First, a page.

Feeds

IE bugs keep coming

Patch Redmond

  • alert
  • submit to reddit

Choosing a cloud hosting partner with confidence

Microsoft issued a patch Wednesday for a critical vulnerability in most versions of Windows that gives attackers remote control of a user's machine though Internet Explorer. But if the results of a new survey are any guide, most users won't install it.

The bug is a buffer overflow in an HTML conversion library used by a number of Windows programs, including Internet Explorer, and by extension Outlook and Outlook Express. To exploit it, an attacker tricks a victim into visiting a specially-crafted malicious Web page, or -- a more likely approach -- sends an Outlook user an HTML-formatted e-mail with the attack code embedded within.

A Russian hacker called "Digital Scream" reported the hole over Bugtraq on June 22nd, and other security researchers subsequently analyzed the vulnerability and produced a proof-of-concept exploit. With no advance warning, it took Microsoft seventeen days to release a patch -- not a unreasonable amount of time given the complexity of the problem, says Marc Maiffret, a founder of California-based security vendor eEye. "Since it is a component that is shared, and is not just used within Internet Explorer, it's a lot harder to test that the patch works with everything."

But even with a patch available, many users will likely remain vulnerable for years to come. At least that's what's suggested in a survey released Wednesday by the Belgian security company ScanIT, which has been operating a popular online browser security checker since last February.

ScanIT's free browser security test does not yet check for the HTML conversion hole, but it identifies 27 other known browser vulnerabilities -- most of them in Internet Explorer. Results collected from over 100,000 visitors to the site show that 86% of them suffer from at least one of those vulnerabilities, and 45% are susceptible to "high risk" vulnerabilities that give attackers remote access to the victim machine. Internet users in China were the most vulnerable, with 65% at high risk; American users the least, at 36%.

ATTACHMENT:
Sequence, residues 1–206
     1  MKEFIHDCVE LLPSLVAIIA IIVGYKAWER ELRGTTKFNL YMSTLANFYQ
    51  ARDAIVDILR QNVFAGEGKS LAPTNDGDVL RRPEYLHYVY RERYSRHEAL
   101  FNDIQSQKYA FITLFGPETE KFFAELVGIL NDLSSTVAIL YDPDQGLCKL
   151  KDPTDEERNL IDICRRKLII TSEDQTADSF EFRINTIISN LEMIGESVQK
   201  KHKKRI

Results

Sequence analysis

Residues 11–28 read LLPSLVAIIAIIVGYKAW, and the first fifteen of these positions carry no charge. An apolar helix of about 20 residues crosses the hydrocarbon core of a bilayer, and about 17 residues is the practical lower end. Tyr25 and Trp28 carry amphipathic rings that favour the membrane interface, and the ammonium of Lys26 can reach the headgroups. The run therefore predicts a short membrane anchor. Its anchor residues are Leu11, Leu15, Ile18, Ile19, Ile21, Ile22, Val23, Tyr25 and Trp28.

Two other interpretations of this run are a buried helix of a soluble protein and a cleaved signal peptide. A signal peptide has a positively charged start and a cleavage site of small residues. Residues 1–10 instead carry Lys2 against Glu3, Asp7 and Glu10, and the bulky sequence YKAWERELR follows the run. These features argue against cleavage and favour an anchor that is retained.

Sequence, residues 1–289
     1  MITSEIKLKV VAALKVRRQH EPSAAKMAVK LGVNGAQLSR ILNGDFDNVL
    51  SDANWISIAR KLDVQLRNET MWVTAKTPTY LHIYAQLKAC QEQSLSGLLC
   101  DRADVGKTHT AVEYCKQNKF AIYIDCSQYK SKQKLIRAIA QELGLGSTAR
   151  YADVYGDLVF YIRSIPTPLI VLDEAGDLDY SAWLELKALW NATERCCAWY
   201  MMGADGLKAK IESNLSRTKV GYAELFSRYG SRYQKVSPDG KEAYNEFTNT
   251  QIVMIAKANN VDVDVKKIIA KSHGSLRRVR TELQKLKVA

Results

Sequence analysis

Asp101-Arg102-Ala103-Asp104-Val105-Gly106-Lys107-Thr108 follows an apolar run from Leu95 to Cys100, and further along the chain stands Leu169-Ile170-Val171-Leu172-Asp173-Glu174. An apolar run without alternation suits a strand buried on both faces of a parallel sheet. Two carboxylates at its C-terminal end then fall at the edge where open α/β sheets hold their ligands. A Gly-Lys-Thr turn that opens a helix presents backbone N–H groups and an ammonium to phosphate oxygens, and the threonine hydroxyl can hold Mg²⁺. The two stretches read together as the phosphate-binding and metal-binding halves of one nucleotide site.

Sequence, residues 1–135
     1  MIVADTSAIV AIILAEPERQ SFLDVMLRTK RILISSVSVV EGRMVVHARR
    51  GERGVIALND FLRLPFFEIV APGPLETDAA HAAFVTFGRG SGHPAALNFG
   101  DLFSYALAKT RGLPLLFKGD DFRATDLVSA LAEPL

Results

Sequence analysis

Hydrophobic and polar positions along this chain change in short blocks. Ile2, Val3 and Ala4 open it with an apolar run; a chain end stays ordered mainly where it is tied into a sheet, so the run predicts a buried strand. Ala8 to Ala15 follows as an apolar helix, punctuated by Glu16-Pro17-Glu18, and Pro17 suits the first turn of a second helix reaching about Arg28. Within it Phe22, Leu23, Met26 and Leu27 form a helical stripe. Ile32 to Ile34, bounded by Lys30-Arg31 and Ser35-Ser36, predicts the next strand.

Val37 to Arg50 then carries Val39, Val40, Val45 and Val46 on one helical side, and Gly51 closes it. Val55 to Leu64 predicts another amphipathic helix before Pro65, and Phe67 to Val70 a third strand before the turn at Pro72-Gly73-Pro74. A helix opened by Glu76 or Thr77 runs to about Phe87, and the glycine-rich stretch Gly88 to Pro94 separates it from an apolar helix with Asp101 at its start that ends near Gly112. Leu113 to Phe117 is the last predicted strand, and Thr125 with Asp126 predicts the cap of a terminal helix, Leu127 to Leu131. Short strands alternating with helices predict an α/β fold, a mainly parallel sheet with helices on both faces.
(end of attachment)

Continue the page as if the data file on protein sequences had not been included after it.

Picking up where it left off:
"Hackers are increasingly entering through flaws in Internet browsers themselves," said ScanIT's managing director David Michaux in a statement. "Developers put out patches regularly but most users aren't installing them."

Because Outlook and Outlook Express use Internet Explorer to display HTML formatted e-mail, the HTML conversion bug could be used to launch a virus or a worm. Last month's successful Bugbear.B worm relied on an Outlook security hole that Microsoft had patched more than two years earlier.

Microsoft rates the HTML conversion hole "critical" in Windows 98, Windows Me, Windows NT 4.0, Windows 2000, and Windows XP. The bug is merely a "moderate" hole in Windows Server 2003, owing to a default security setting that prevents automatic execution.

The company released two other less-serious advisories Wednesday, patching a buffer overflow in Windows' implementation of SMB, and a local privilege escalation vulnerability in Windows 2000's accessibility features.

© SecurityFocus.com

Beginner's guide to SSL certificates

More from The Register

next story
Russian hackers exploit 'Sandworm' bug 'to spy on NATO, EU PCs'
Fix imminent from Microsoft for Vista, Server 2008, other stuff
FYI: OS X Yosemite's Spotlight tells Apple EVERYTHING you're looking for
It's on by default – didn't you read the small print?
Microsoft pulls another dodgy patch
Redmond makes a hash of hashing add-on
'LulzSec leader Aush0k' found to be naughty boy not worthy of jail
15 months home detention leaves egg on feds' faces as they grab for more power
Kill off SSL 3.0 NOW: HTTPS savaged by vicious POODLE
Pull it out ASAP, it is SWISS CHEESE
Facebook slurps 'paste sites' for STOLEN passwords, sprinkles on hash and salt
Zuck's ad empire DOESN'T see details in plain text. Phew!
Admins! Never mind POODLE, there're NEW OpenSSL bugs to splat
Four new patches for open-source crypto libraries
prev story

Whitepapers

Forging a new future with identity relationship management
Learn about ForgeRock's next generation IRM platform and how it is designed to empower CEOS's and enterprises to engage with consumers.
Cloud and hybrid-cloud data protection for VMware
Learn how quick and easy it is to configure backups and perform restores for VMware environments.
Three 1TB solid state scorchers up for grabs
Big SSDs can be expensive but think big and think free because you could be the lucky winner of one of three 1TB Samsung SSD 840 EVO drives that we’re giving away worth over £300 apiece.
Reg Reader Research: SaaS based Email and Office Productivity Tools
Read this Reg reader report which provides advice and guidance for SMBs towards the use of SaaS based email and Office productivity tools.
Security for virtualized datacentres
Legacy security solutions are inefficient due to the architectural differences between physical and virtual environments.